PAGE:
Friday, February 8, 2008

Credit-Card Pinch Sap Consumer Spending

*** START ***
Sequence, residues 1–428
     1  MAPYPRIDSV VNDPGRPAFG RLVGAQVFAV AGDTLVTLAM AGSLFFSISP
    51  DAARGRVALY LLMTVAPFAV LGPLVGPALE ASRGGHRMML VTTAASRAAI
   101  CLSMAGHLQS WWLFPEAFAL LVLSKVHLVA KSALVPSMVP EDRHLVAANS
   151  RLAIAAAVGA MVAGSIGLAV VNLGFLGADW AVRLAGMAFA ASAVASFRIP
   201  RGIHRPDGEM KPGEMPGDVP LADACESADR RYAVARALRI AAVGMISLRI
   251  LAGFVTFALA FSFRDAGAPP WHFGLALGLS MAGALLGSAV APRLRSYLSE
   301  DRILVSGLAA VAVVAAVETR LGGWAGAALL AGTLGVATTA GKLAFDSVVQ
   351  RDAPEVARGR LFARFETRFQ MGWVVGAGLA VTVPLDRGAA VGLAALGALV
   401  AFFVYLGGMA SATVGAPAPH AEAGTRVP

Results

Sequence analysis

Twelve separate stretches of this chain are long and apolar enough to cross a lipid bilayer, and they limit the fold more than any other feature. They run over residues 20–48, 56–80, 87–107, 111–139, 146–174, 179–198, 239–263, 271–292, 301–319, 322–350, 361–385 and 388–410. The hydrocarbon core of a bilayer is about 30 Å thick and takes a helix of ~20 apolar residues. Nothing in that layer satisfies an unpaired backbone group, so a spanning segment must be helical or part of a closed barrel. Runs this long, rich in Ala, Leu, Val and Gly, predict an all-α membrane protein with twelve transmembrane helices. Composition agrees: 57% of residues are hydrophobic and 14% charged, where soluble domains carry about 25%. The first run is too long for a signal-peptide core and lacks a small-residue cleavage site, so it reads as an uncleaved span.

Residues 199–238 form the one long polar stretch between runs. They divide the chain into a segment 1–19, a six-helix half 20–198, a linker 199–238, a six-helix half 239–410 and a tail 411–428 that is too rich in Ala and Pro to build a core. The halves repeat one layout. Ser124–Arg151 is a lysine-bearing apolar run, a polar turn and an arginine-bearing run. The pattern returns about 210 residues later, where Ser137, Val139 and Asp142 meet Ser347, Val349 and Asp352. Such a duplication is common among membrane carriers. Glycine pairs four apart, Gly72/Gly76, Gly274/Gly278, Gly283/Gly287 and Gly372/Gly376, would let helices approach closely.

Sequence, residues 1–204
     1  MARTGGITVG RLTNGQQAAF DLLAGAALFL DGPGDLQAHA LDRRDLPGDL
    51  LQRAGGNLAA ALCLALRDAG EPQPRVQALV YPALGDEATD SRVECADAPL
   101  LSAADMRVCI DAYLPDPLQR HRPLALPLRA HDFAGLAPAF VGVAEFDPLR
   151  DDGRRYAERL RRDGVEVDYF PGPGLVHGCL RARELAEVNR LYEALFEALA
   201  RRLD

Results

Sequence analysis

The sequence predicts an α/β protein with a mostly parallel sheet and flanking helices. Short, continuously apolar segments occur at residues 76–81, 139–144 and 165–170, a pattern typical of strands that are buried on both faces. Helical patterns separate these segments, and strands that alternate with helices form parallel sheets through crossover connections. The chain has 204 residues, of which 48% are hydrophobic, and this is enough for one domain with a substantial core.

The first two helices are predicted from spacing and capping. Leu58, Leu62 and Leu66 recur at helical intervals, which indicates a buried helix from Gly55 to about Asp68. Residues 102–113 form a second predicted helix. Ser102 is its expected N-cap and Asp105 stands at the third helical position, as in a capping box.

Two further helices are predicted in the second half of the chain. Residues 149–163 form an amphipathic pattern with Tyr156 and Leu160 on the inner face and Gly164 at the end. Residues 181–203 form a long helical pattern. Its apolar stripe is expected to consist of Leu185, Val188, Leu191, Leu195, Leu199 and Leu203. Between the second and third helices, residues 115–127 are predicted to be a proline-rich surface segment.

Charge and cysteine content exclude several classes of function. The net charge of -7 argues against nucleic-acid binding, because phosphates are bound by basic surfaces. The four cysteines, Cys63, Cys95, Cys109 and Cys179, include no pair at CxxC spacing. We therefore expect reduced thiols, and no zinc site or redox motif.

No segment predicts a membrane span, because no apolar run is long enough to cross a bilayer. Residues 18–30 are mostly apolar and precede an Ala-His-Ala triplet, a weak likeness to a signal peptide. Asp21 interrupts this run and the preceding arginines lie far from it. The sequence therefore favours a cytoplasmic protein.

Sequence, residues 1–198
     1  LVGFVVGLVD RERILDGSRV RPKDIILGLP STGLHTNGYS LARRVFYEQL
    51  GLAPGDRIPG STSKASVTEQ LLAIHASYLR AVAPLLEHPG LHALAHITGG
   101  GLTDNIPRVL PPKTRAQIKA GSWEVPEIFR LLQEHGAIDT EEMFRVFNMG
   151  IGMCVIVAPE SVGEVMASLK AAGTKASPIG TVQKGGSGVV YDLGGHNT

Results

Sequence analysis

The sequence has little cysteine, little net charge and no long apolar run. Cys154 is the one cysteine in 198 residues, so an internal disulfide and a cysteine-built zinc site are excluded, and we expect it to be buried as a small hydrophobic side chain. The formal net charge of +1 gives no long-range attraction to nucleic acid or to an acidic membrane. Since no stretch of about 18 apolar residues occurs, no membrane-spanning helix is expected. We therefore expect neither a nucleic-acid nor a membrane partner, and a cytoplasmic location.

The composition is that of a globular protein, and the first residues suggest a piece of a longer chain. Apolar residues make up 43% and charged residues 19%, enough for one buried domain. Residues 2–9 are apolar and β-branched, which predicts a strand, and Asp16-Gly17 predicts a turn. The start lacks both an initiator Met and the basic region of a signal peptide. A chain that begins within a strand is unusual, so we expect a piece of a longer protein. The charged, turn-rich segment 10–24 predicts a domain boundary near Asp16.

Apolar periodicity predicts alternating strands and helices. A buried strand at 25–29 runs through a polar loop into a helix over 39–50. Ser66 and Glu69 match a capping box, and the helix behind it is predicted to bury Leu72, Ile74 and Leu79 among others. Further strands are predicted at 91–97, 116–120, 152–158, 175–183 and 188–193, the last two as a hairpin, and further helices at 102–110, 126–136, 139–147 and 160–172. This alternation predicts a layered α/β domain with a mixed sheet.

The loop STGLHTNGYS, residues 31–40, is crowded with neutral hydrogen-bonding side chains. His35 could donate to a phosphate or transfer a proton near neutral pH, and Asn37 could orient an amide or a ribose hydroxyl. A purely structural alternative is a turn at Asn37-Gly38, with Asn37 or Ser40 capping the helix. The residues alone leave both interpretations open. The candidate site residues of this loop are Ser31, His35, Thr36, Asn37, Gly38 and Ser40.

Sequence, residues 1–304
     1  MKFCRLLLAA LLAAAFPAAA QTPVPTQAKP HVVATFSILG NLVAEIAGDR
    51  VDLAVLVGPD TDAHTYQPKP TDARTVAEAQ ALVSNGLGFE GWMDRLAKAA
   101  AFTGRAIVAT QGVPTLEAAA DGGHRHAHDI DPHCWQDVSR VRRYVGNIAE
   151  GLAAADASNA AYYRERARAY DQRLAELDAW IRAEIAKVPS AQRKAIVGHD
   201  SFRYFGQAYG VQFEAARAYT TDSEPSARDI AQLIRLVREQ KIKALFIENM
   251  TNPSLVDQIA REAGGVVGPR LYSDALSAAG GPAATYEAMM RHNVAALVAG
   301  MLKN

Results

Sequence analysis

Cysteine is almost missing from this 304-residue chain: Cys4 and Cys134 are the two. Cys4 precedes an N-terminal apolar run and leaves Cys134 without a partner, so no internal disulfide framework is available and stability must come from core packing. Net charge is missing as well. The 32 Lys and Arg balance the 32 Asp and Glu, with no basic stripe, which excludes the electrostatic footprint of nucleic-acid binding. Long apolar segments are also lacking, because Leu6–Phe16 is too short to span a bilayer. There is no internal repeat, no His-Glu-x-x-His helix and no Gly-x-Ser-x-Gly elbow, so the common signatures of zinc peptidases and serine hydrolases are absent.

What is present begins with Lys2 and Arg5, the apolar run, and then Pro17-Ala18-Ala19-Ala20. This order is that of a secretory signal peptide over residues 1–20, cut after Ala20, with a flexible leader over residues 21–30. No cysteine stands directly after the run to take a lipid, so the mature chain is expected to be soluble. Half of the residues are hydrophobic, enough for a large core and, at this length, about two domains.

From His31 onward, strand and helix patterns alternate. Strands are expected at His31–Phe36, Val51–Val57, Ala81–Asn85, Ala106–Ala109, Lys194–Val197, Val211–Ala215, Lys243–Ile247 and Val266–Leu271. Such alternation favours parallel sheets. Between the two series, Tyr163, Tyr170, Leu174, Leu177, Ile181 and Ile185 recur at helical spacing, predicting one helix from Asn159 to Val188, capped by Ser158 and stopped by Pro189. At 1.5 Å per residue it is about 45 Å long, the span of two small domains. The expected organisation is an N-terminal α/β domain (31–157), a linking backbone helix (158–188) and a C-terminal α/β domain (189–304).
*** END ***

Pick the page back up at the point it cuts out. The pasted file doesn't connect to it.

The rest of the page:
--America's love affair with credit cards may be headed for the rocks. --Credit-card delinquencies are rising across the nation, a sign that some Americans are at the end of their rope financially. And these mounting delinquencies, in turn, have prompted banks to tighten lending standards, keeping people who have maxed out their cards from finding new sources of credit. --The result could be a sharp pullback in consumer spending that would further weaken the slowing U.S. economy. --Such a pullback may already be taking shape. Yesterday, the Federal Reserve reported an abrupt slowdown in consumers' credit-card borrowings. In December, Americans had $944 billion in total revolving debt, most of it on credit cards, a seasonally adjusted annualized increase of 2.7%. That was off sharply from seasonally adjusted growth rates of 13.7% in November and 11.1% in October. And it reflects the volatility in consumers' spending habits as economic growth sputters. --Sinking home prices have made it much harder to convert home equity into cash for living expenses. At the same time, plastic has pushed into every corner of American life, making new inroads that worry some economists and card issuers. --In past economic downturns, Americans used credit cards mainly for discretionary purchases, such as furniture, appliances and jewelry. Now, however, many of them regularly whip out plastic to pay for groceries, gasoline and other everyday necessities. Credit-card issuers won't disclose exact figures, but they say it is evident that a growing percentage of card volume is for basic purchases. Many issuers even dole out extra rewards for such transactions. --Evidence is mounting that the plastic-fueled spending spree won't last. In December, an average of 7.6% of credit-card loans were either at least 60 days delinquent or had gone into default, up from 6.4% a year earlier, according to research firm RiskMetrics Group. The analysis includes a broad swath of more than $200 billion of credit-card loans that are sold off to investors by major card issuers like Citigroup Inc., Capital One Financial Corp., American Express Co. and J.P. Morgan Chase & Co. --Card delinquencies are ticking up from historically low levels, but the trend is sending shudders through lenders already reeling from the subprime-mortgage tumult. As a result, leery card issuers are bulking up their reserves against future card-related losses -- and getting so much tougher on borrowers that some consumer are reining in overall spending. --Much of the card industry's growth has come from debit cards, which aren't included in the government's revolving-credit data because they immediately draw funds out of purchaser's checking account. Still, credit-card portfolios managed by card-issuing banks are growing at single-digit percentage rates each year as consumers put more small payments and everyday purchases on their cards.

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